The two CalMac ferries that are being built at the Ferguson shipyard on the Clyde have been hit by further delays.

One of the boats - hull 801, which will be called the Glen Sannox - will now not be ready until the autumn rather than May this year.

A second vessel, known as hull 802, had been due for hand over in March 2024, but will be delayed to that autumn.

Deputy First Minister John Swinney also said an additional £6million would also be allocated to help complete the ferries.

This is on top of the £15million of extra funding for Ferguson Marine already provided by the Scottish Government this financial year.

The ferries, which will join the CalMac fleet serving island communities, are already five years behind schedule, with the cost of the project three times more than the original £97million budget.

Latest delays

Announcing the latest delays in Holyrood yesterday, Mr Swinney said "persistent design gaps and build errors" meant that "progress has been slower than planned for the 801 vessel".

He added: "It is a matter of great disappointment that a further revision to the timescale for delivery has been necessary.

"I welcome the chief executive's assurances that Ferguson Marine will continue their best endeavours to deliver both vessels sooner than these dates.

The deputy first minister said any further financial needs at Ferguson shipyard in Inverclyde, which has been in public hands since 2019, would be assessed by the government and its ferry-procurement arm Caledonian Maritime Assets Limited (Cmal).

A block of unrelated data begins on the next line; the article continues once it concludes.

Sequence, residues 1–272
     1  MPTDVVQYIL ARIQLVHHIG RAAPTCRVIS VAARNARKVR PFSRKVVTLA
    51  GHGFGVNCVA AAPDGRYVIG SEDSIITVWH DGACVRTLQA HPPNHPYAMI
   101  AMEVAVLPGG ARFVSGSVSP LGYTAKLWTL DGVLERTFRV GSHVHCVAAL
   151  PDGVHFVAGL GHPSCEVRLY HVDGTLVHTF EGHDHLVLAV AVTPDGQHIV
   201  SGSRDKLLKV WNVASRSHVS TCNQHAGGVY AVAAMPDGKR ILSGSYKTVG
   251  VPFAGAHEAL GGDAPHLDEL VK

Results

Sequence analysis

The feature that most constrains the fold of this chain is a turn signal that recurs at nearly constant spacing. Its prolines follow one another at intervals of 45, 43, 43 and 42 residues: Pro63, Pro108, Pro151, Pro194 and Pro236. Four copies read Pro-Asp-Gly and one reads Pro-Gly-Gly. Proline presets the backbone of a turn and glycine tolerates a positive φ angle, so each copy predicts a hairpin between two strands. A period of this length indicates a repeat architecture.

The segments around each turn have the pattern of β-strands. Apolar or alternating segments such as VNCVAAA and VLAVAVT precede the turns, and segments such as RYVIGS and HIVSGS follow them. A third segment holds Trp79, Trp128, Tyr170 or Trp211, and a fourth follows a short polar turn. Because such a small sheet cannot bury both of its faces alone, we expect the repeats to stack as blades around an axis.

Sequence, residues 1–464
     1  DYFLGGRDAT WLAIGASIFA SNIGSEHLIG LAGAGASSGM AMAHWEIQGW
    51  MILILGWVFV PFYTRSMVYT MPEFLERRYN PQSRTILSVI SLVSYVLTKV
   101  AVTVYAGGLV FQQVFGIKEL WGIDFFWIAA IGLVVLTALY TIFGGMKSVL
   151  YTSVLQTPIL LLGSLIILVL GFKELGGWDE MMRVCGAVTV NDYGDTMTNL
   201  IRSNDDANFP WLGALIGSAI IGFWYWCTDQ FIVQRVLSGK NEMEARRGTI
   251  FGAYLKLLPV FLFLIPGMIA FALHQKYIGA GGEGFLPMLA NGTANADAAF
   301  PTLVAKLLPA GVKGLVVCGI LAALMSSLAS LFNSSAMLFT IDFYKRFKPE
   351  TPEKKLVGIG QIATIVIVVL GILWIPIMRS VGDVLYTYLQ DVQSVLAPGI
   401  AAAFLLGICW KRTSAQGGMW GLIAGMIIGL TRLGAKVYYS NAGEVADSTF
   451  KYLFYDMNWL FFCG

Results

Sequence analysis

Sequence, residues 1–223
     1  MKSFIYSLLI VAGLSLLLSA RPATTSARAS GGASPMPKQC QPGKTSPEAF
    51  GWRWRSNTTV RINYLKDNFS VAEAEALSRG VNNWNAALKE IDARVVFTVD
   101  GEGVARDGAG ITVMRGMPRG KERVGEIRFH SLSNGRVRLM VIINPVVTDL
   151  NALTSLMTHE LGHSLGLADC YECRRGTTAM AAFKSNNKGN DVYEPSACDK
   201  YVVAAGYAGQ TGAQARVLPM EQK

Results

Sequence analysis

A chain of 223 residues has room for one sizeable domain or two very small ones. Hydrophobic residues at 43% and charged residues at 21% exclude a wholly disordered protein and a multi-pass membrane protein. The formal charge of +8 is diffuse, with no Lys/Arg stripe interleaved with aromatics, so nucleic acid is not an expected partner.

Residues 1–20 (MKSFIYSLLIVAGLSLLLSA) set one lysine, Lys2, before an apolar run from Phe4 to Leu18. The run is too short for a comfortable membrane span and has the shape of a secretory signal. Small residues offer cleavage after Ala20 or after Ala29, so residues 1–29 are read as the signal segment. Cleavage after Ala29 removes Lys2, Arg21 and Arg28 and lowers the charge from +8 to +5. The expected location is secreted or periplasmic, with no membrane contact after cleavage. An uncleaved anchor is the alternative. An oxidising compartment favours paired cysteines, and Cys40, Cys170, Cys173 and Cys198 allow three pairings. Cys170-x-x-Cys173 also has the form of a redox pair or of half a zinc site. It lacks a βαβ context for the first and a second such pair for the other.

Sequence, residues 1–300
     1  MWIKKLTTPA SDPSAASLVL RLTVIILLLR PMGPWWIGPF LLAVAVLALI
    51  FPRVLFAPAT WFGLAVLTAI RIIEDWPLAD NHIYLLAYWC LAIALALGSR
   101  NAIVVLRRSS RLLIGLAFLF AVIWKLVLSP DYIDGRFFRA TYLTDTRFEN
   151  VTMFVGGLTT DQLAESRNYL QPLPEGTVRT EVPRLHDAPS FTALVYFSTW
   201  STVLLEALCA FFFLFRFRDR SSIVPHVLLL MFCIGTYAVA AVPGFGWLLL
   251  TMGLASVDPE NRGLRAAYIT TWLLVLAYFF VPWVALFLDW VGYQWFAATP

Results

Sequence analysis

It emerged earlier this week that £87,000 was paid in bonuses to six senior managers at the nationalised shipyard between 2019 and 2022.

The BBC reports that Scotland's public spending watchdog said it was "unacceptable" that the money had not been cleared by the Scottish Government.


Asked about the bonuses, the Mr Swinney described them as "reprehensible", adding that the government was "assessing what actions we can take in that respect".

Scottish Conservative shadow transport minister Graham Simpson MSP said the delays were a "disgrace" and another "kick in the teeth" to island communities and taxpayers.

Neil Bibby, Scottish Labour's transport spokesperson, said it was a "scandal manufactured by SNP ministers", and he alleged that both Humza Yousaf and Kate Forbes - two of the three candidates for the SNP leadership - had "their fingerprints on it".

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